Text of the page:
I was at the hospital gate when mother called. The first time around, it was blank and I thought it might be a mistake; the second time, she just cried and managed to say, “he’s gone”. Long story short, I rushed back to his room. There was a crowd of doctors and nurses trying to resuscitate him. I could only see his feet and they had changed colour. He was gone. Someone removed his wrist watch to find a vein and gave it to me and I put it in my bag. I would discover it after a couple of weeks and it has remained with me ever since. I wanted to tell the medicos to let him go but they had to do the hospital thing and leave no stone unturned. Saving a life is a messy affair and has little dignity for the body. For the next hour, they tried everything till it was finally time to call the time of death. And just like that dad became a body, no longer a person.
While recounting this to the sibling, she asked me what I felt then. I don’t recollect feeling anything. I was glad that he didn’t suffer and went in a flash. Mother was in shock though, the last few years of her life revolved around him. The night was long, my brother arrived from Bangalore in a few hours and by the time we were finished with all the paperwork and calls to the undertaker etc., it was almost early morning. Somewhere in the middle of all that, I managed to have enough sense to eat something. It was simply easy to take charge of the situation and tick off things. Crises are perhaps easier to handle than emotions.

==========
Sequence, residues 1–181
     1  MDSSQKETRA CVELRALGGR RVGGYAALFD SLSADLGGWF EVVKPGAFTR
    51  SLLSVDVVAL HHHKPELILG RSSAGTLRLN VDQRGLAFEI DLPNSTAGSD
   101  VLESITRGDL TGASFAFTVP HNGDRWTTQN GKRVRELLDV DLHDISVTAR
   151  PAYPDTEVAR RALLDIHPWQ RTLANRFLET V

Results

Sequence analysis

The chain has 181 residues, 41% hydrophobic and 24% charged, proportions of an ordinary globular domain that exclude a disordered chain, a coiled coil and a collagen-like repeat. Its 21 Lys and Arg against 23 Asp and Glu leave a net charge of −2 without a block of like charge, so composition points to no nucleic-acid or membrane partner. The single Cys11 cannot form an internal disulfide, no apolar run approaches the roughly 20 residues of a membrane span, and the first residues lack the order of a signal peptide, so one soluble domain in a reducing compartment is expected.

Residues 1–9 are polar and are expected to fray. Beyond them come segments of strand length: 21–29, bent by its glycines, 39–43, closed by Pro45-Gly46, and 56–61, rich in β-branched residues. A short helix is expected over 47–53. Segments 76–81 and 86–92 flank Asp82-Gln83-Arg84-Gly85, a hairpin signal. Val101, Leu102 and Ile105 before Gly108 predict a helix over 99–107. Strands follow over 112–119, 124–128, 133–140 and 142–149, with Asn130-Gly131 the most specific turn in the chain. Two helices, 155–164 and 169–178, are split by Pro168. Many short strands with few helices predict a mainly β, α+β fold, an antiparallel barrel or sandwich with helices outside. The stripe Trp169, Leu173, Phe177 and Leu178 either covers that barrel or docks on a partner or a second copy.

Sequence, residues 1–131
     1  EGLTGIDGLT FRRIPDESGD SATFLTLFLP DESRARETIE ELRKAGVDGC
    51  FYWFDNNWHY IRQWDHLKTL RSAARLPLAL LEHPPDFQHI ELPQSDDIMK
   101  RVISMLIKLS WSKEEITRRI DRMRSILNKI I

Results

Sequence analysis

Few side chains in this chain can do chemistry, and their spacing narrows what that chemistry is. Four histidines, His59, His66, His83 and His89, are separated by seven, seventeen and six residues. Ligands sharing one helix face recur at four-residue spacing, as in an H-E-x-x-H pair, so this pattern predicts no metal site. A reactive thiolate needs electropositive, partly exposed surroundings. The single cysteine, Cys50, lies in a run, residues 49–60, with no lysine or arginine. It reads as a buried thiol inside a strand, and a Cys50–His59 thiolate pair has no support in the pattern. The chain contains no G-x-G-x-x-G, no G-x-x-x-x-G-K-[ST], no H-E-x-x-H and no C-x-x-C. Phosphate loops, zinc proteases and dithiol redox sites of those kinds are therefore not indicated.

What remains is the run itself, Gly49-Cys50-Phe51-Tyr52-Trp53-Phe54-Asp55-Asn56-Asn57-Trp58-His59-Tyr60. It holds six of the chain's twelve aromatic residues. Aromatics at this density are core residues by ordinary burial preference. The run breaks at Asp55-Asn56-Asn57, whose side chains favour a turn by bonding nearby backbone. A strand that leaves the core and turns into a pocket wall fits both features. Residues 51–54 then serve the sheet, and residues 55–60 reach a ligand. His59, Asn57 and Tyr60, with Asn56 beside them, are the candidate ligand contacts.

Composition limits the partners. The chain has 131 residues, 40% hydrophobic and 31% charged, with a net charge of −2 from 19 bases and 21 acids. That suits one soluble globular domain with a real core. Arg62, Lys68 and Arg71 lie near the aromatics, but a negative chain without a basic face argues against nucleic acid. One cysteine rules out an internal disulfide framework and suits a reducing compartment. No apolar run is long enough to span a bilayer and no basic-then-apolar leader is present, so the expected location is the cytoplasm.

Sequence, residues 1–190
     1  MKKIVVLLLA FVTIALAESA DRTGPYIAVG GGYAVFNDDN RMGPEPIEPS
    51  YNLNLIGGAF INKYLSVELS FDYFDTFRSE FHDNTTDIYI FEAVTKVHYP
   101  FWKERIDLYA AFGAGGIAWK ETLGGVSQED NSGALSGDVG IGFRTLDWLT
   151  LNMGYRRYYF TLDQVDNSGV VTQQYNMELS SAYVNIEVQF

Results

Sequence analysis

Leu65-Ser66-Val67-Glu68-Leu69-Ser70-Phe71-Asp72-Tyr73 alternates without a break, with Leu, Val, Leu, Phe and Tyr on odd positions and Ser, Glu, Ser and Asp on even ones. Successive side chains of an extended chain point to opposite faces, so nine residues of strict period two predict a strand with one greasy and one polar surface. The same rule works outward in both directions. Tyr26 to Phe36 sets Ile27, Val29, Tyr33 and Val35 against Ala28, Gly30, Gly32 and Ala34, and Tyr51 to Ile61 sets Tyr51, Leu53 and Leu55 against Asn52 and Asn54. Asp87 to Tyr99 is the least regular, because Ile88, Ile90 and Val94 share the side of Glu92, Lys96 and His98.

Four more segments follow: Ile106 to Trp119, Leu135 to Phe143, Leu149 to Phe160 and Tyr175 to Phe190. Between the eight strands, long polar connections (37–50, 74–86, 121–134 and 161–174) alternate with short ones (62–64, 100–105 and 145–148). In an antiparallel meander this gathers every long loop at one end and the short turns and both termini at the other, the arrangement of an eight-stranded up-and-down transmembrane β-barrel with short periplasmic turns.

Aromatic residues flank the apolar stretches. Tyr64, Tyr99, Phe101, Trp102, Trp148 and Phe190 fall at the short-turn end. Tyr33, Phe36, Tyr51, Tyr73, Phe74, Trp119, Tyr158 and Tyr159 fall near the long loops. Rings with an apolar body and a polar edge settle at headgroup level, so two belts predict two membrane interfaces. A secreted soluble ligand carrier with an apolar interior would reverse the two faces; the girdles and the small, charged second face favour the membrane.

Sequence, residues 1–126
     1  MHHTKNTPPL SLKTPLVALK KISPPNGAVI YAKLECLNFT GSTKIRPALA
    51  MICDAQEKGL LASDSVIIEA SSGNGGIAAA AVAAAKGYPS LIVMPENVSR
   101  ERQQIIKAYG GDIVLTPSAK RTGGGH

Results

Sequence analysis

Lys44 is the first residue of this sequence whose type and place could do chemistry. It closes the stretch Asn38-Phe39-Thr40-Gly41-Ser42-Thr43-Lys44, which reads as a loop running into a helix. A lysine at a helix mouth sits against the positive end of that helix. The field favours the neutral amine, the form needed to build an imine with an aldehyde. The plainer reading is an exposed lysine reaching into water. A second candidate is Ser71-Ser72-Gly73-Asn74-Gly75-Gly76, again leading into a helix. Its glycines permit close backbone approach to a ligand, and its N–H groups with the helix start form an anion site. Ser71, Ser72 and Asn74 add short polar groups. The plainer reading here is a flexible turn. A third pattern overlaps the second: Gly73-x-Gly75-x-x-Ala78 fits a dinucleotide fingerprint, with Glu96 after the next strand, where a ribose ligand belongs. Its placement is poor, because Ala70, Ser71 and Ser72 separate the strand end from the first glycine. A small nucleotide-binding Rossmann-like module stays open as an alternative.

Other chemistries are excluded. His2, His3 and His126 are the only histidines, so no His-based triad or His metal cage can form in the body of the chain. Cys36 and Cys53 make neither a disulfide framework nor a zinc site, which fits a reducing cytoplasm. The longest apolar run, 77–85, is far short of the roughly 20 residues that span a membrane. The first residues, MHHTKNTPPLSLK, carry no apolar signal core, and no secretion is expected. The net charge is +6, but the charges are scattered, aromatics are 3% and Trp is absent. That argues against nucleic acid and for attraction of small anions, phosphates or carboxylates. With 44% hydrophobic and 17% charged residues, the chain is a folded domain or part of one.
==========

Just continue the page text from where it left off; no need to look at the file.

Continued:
Dad was buried on a rainy Thursday. The house was packed with mourners, I was surprised at the people who showed up despite the bad weather. They came from all over the city and country. A cabbie, maids who helped out, security guards, friends, extended family and the church community, including one of my more recent friends all the way from Goa. They all had stories of his kindness, generous tips, a patient ear, help to get started, advice and so on. I had only known him as a father and through the experiences of all these other people, I started to see a person who was liked and loved by many. I loved my father although I never told him that and I am fairly certain he knew it. He was an awkward hugger and his would be a bumbling daddy hug topped with a kiss on my head. I find I unconsciously do that to some people I hug. A tiny benediction of a kiss.